Have you ever heard that old Cinderella song, “Don’t Know What You Got Till it’s Gone”? Did you know that song is actually about a retiree who loses employer healthcare coverage, and has to pay for it on their own? Well, maybe not, but it could be. Ask most retirees what they are most worried about in retirement and the answer will typically be paying for healthcare. A recent report by Fidelity Investments claims that a 65 year old retired couple should expect to spend $275,000 for healthcare expenses! It’s not a good sign when just the healthcare costs in retirement exceed the median retirement savings for a 65 year old. Healthcare options are changing daily, but this chapter will discuss some common healthcare options you will have in retirement and focus on what healthcare options are right for you.
Retiring prior to 65
At age 65, a retiree can begin taking Medicare and the healthcare decision actually becomes much easier. We will talk about how Medicare works in the next part of this section, but the harder planning happens if you decide to retire prior to age 65. There are typically three options that a retiree has if you retire prior to Medicare age. These three options ranked from least to most expensive are:
- Retiree healthcare from your employer
- Private healthcare
- COBRA insurance
Retiree Healthcare from your Employer
Retiree healthcare provided from a former employer is by far the best option a person has to bridge the gap between retirement and Medicare. Like a pension this is also one of those benefits that many employers are cutting in order to save some money. Make sure you know before you retire from a company if your employer provides retiree healthcare and what the details are of the plan. Yes, retiree healthcare is your best option if available, but it also is probably not as robust as your current healthcare plan. Very often, I will see that your deductible and/or monthly premium will be much higher than the plan when you are working. For example, some GM and Ford employees are eligible for retiree healthcare, but many are surprised how much larger the premiums and deductibles are in retirement.
If retiree healthcare isn’t available, now you need to start scrambling for options. The two ways a person can find healthcare coverage in retirement are either on the healthcare exchange or through COBRA insurance. No section in this book is more fluid than the private healthcare exchange. Pretty good chance that by the time I finish writing this Obamacare may be gone and replaced by something else. Unfortunately, this isn’t a good thing for retirees. The main benefit of Obamacare for retirees is that insurers are required to accept you no matter your past health history. Although some people will complain about the cost, having good health insurance that ignores pre-existing conditions is a huge benefit. Also, depending on your retirement income you may be eligible for credits that helps lower your monthly premium.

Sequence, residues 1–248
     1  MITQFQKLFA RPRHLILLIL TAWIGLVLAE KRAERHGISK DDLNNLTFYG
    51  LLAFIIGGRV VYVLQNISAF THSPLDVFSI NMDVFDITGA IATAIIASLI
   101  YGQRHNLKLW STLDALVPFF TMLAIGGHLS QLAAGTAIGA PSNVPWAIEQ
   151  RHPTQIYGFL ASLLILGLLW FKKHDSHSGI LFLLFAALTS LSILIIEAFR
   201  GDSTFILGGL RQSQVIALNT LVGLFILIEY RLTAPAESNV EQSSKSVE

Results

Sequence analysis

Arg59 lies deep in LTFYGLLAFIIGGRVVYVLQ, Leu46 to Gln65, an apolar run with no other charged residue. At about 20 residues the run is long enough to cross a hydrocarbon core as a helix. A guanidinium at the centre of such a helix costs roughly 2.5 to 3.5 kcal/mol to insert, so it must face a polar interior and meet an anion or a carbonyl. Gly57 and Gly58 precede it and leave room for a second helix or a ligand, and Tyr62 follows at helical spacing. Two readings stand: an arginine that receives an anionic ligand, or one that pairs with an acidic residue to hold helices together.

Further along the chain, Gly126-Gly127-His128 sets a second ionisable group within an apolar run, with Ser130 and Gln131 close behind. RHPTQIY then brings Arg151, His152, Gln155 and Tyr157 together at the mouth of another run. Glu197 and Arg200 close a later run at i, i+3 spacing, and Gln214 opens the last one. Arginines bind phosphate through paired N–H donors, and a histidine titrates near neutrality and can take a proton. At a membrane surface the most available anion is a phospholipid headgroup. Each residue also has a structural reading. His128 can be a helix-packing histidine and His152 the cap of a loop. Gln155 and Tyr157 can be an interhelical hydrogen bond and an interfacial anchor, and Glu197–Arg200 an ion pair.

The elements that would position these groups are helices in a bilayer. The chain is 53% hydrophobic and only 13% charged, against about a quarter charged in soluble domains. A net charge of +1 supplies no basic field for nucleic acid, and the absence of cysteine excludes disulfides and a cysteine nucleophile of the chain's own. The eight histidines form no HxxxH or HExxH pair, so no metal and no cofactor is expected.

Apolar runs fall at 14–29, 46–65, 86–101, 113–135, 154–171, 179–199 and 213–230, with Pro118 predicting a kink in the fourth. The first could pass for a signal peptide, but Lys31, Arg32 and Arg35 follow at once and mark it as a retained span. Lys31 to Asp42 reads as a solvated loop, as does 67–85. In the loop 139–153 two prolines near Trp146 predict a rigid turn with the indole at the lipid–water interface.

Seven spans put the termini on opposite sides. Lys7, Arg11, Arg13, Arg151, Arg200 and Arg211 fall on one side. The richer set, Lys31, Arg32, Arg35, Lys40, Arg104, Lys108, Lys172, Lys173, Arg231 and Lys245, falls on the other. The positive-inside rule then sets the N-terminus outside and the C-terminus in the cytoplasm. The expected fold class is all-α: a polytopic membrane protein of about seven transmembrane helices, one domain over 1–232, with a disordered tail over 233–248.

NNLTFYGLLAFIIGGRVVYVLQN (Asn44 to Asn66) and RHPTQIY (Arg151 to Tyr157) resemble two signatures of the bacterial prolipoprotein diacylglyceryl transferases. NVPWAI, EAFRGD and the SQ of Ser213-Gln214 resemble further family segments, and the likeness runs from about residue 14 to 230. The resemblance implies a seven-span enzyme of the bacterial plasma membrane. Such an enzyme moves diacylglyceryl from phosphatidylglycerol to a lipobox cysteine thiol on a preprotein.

Now for the bad with Obamacare, it’s expensive. If you don’t qualify for an income credit, you should expect to pay at least $1,000 per month for health insurance for a family of two. Yes, it really makes you appreciate that healthcare benefit that your company provided! You can see the different plans and costs at www.healthcare.gov In 2018, for a family of two, you will qualify for reduced health insurance premiums if your income is lower than roughly $65,000. This may be lower than your income while working but your retirement income will be reduced and may be less than the number to receive tax credits.
The most expensive option for most retirees is COBRA insurance. COBRA is a continuation of your current insurance without the employer chipping in to help cover the cost. As soon as you see what the true cost of your health insurance was, you may have a better feeling about that job of yours. Depending on how good your health insurance was while working, there is a good chance that your COBRA coverage in retirement will cost you well over $1,000 per month for a family of 2. Also, COBRA insurance only lasts for up to 18 months after you retire. If you have more than 18 months between retirement and age 65, COBRA may not even be a long-term option for you.
So COBRA is very expensive and doesn’t last too long, why would I even consider it? COBRAs biggest benefit is that you continue the same medical insurance that you had while working. If you have high medical expenses, it may be worth it to pay a higher monthly premium knowing that most out-of-pocket costs will be covered. Obamacare may have a lower premium, but will typically come with higher out-of-pocket costs, which may not work if you have some higher known medical costs when you retire. Also, if Obamacare is repealed, you may have trouble getting health insurance if you have pre-existing conditions. COBRA does not care about pre-existing conditions. Although COBRA may have the highest monthly payment of your health insurance options, it may be your best option. If you have high healthcare costs (i.e. a known surgery, expensive prescription drugs, or battling an illness) and need a short bridge to age 65, you may find that COBRA insurance is the best bet for you. Also, as we discuss later you can use an HSA to pay for COBRA premiums, but not Obamacare premiums.